The Tanjung Bungah Residents’ Association welcomes the proposal by the Penang state government to set up a commission of inquiry to investigate the 21 October landslide at Lengkok Lembah Permai that killed 11 people.
We ask that the commission of inquiry be open to the public to ensure transparency in view of the public interest involved, and that it also allows the full participation and engagement of all stakeholders, including the TBRA.
On the terms of reference of the commission of inquiry, we are glad to note that it includes the project approval process and procedures to see if they were in accordance with guidelines.
We hope that this will also include not only the relevant guidelines but also laws related to the granting of planning and other approvals, as well as monitoring and enforcement aspects with a view to improving them.
This must also include a review of the guidelines on “hill site development 2012”, as well as in ensuring sufficient capacity exists in the relevant authorities to effectively monitor and enforce any conditions imposed.
On the terms of reference which calls for a re-examination of “other matters related to the project including if the project was built on flat land or on a hillslope and to determine if the quarry site was the reason for the failure of the temporary work site slope”, we wish to state that what is also material is an examination of the characteristics and overall conditions at the site and its surroundings, including the state of the site prior to the granting of planning approval and the changes made to the natural terrain.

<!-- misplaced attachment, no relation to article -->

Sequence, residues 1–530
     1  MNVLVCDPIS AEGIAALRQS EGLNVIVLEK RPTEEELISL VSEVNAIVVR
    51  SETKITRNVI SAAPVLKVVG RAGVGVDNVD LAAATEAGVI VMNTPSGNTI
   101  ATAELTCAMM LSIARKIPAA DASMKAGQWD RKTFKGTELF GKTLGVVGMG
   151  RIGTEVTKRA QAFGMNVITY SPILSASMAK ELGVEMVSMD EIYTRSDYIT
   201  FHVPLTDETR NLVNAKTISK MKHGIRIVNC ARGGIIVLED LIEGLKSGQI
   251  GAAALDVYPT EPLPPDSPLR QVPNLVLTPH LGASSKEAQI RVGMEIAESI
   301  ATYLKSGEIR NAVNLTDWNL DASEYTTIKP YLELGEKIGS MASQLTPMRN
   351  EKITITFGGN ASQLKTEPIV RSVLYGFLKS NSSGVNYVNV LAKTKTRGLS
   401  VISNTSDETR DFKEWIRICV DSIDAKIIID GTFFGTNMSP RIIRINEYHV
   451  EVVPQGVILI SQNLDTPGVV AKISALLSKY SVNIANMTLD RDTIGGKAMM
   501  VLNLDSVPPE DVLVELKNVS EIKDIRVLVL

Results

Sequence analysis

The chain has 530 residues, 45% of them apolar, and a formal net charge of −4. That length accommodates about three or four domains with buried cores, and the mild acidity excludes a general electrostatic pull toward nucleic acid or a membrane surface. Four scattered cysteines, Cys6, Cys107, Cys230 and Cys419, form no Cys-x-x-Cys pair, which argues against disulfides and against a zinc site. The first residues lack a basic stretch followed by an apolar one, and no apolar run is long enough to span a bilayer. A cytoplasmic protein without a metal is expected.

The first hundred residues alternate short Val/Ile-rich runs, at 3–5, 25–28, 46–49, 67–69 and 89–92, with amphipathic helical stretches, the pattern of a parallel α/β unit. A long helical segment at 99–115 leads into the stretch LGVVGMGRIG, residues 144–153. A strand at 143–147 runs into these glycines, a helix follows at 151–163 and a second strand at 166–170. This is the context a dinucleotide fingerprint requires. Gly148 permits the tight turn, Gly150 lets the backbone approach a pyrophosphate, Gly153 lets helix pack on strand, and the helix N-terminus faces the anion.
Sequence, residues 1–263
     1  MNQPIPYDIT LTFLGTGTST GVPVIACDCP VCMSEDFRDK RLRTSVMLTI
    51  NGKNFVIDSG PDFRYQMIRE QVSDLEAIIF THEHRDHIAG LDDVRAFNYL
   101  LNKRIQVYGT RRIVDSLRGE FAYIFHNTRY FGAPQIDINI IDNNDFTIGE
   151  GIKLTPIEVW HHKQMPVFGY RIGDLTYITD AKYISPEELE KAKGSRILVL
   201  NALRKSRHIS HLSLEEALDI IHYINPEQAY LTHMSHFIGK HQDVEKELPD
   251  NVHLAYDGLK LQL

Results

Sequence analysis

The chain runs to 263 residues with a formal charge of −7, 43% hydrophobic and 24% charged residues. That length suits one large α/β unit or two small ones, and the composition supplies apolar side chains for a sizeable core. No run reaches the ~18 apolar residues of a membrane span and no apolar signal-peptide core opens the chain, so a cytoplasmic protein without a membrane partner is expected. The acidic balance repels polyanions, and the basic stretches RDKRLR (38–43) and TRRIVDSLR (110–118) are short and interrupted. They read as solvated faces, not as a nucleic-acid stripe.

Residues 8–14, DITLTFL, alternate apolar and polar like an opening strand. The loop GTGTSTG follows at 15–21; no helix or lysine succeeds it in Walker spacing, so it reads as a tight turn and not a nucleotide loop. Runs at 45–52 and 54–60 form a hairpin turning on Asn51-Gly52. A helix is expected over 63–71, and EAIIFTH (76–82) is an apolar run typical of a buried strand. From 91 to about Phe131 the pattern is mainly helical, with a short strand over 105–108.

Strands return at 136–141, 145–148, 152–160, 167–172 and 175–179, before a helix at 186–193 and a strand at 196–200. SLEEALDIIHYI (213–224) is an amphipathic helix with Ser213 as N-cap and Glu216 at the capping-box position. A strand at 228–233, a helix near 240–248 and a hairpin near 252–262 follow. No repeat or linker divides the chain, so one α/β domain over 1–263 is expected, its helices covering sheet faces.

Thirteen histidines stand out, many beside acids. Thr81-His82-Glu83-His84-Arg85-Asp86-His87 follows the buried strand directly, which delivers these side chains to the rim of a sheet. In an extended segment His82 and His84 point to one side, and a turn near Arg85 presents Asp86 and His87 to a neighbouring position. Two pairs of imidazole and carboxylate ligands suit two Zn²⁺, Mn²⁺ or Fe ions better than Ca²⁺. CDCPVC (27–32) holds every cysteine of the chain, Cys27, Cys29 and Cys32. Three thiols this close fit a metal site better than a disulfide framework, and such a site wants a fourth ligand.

Developments on hill land
On a separate note, the TBRA also welcomes the Jagdeep Singh Deo’s statement that the state government will continue to prohibit any new high-rise development on land above 76 metres (250 feet) above sea level.
He was referring to the policy in the Penang Structure Plan on the protection of hill land 76 m above sea level.
In this regard, however, we are perplexed by how the MBPP in 2012 approved the construction of 600 units comprising high-rise apartments and bungalows on hill land covering 80 acres which is above 76 metres above sea level – of which about 43% are on slopes exceeding a gradient of 25 degrees – for the Sunway City project in Sungei Ara, Penang.
In fact, we are shocked to learn that the state authority had in 2011 approved an application by the developer to remove the ‘hill land’ status of the lands under the Land Conservation Act 1960.
The MBPP relied on the 2009 Guidelines for ‘Special Projects’ to allow the Sungei Ara project.
These actions completely defy the state government’s stance that hill land must be protected.
In order to prevent a repeat of this and to respect the policies in the Penang Structure Plan as regards hill land, the state government must now do the following immediately:
- revise or redefine what are ‘special projects’ in the 2009 guidelines in order to explicitly prohibit any future development on hill land except for essential public amenities.
- stop approving any further applications for excision of the status of ‘hill lands’ from the Land Conservation Act 1960.
We also call on the State and the MBPP to also monitor all development on hill lands and hill slopes in Penang and take immediate measures to ensure the safety of those living at the foothills of such developments, as in the case of the PayaTerubong residents in Taman Seri Rambai/Lau Geok Swee.
The TBRA also seeks the clarification of the Penang state government and the Penang Island City Council (MBPP) as to why it is not following the policy in the Penang Structure Plan which designates Tanjung Bungah as being in the ‘secondary corridor’.
The Structure Plan clearly states that in Tanjung Bungah, any housing development cannot exceed 15 units per acre as it is in the ‘secondary corridor’.
Why has the state and the city council not followed this policy which is legally binding? We seek an urgent response in this regard.
Meenakshi Raman is chairperson of TBRA.